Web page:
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The Hoax of the Lake Michigan Striped Icebergs
Not long ago I received an email showing me these gorgeous pictures of fantastic icebergs in Lake Michigan. They were some of the most beautiful pictures I have ever seen. I was busy that day and didn’t have time to give it much thought so I saved the email, thinking to go back and possibly forward this e-mail to friends.
Later that evening, the images of those spectacular icebergs danced in my mind. I have lived in Michigan almost all my life, and I have seen the waters of Lake Michigan frozen. However, I have never seen any kind of floating icebergs like the ones I see in these pictures.
I recall a particularly frigid winter, on a day when the sun was shining brightly; my dad took us to the big lake. Around here, in West Michigan, when you use the term, the big lake, everybody knows it means Lake Michigan.
All other lake pales in comparison to this beautiful lake. Well, I was just a young girl back then but I do remember that dad let us walk out onto the ice and snow. It’s funny how when you recall certain memories, little things stick out as more memorable than the memory itself. This is one of those times for me.
I barely remember the towers of ice that were buckling against the shore. But I do remember the caution in my father’s voice as he warned us not to travel out too far. Some of these blocks of ice and snow were as tall as buildings.
My siblings and I were too young to realize any danger and had no idea of how easy it would be to get lost behind an ice boulder and not be able to find your way back to shore. But my dad knew the risks of this adventure and warned us all to keep the shoreline in our sights every minute we were on the ice. His tone, not the words, made that impact in my memory. Needless to say, we had a grand time without any mishaps that day.
The snow pounding against the shoreline made the news. Although I haven’t been able to find any pictures of the amazing sights of that winter, I do have a picture of a normal Michigan winter at the shoreline. The powerful currents of Lake Michigan are not taken lightly. As you can imagine, when large sheets of ice are rammed into the shoreline, they buckle and break up and this action causes them to pile up sort of like creating a mountain of ice rocks and that is the only picture in my head of that winter.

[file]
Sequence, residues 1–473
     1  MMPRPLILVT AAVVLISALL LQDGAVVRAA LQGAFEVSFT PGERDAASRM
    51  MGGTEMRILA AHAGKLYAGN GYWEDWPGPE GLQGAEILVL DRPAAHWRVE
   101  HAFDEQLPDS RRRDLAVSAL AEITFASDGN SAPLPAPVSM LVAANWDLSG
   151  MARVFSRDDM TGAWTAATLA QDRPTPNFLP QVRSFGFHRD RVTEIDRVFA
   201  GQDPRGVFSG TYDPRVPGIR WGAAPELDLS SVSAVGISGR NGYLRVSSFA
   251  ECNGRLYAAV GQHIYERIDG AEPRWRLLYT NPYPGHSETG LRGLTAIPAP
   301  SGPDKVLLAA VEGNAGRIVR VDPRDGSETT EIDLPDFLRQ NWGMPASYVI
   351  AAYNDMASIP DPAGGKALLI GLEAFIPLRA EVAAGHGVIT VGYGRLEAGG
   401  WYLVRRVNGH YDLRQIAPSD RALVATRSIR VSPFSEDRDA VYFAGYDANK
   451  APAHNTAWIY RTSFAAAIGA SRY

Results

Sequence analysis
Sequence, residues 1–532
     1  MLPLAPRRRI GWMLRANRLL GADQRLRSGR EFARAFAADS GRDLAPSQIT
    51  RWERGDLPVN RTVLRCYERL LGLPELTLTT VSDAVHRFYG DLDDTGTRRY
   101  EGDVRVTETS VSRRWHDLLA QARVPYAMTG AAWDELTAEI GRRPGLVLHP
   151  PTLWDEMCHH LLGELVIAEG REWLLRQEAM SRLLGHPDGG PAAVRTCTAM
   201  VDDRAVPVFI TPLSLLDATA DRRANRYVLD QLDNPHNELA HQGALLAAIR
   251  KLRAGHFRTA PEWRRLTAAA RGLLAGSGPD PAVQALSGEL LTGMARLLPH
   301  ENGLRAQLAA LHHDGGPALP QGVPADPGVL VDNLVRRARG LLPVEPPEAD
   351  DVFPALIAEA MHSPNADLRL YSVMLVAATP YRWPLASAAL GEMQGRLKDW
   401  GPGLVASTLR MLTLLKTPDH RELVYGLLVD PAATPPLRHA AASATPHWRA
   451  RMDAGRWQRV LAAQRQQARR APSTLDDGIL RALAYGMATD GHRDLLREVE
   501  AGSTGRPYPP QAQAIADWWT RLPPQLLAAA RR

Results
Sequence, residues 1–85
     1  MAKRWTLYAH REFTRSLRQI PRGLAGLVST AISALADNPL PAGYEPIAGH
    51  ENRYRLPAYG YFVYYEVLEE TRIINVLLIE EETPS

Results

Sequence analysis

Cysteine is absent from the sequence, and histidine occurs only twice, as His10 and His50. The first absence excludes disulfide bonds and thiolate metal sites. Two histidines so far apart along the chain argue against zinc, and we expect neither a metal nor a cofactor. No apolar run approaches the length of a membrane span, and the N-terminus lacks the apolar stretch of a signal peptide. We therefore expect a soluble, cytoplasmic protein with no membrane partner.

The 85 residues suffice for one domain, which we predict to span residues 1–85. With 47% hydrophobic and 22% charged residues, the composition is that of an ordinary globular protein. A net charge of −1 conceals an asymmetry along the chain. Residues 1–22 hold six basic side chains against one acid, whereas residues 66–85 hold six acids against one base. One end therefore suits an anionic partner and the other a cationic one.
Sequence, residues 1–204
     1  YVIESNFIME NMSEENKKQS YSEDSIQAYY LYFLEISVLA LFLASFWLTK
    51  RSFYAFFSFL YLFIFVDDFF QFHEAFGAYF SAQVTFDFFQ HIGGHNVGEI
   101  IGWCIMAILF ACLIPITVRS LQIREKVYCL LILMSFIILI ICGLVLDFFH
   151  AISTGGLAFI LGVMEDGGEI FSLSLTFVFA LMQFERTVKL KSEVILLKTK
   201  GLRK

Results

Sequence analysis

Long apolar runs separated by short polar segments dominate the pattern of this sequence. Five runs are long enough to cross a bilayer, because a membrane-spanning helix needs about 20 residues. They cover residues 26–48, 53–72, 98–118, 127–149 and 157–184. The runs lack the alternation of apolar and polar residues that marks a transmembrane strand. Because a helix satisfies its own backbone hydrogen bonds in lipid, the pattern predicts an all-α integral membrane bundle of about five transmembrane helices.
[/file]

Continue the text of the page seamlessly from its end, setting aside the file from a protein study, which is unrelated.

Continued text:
So, as I look at these amazing striped icebergs, I have my doubts. Granted, Michigan had a really cold winter in 2008, when the email said these photos were taken but I couldn’t imagine these there were floating in our backyard yet never made the news, not even at the local level where our local weather guy goes nuts over anything new and unusual. Sure enough, the email and the story of these magnificent icebergs in Lake Michigan made the rounds all over the internet, yet the story is a hoax.
The pictures though, are real enough and that is why I am including them in this piece. They are gorgeous and should be shared. The true story about the mysterious icebergs is recorded by Oyvind Tangen, a Norwegian sailor. While on a research ship 660 miles north of the Antarctic, he captured these images of the majestic icebergs.
Everything about the natural beauty of this planet amazes me and I am reminded that God not only loves beauty, He created it as well. No matter how hard we try, we can not assign the natural beauty around us to our own making.
Sometimes words just do not express the majesty of it all. Many folks see the beauty of the Grand Canyon and say the view left them speechless; they just can’t find the words to express the magnitude of the splendor of what they have just seen. These icebergs are similar in that mere words can not detail the awesome wonder of their creation.
We are told that the stripes are formed as layers of ice melt and refreeze. As the ice slides down an Antarctic hillside, matter in the dust and soil debris leave their mark as the darker colors of black, brown and even yellow. The green colors form as the iceberg lands into the algae rich sea water, freezing the algae right to the edge of the ice.
Snow and ice, as we know it, are usually white due to the amount of air that is present. Tiny bubbles become trapped inside ice scattering the rays of light in all directions making the ice white.
The clear blues in these stunning photos is simply ice without the presence of air. This happens as the ice melts; water fills in the cracks and crevices and refreezes before air pockets have a chance to form.
When you put it that way it hardly sounds awesome does it? Such ordinary actions of nature cause extraordinary wonders. Their beauty belies their force and strength.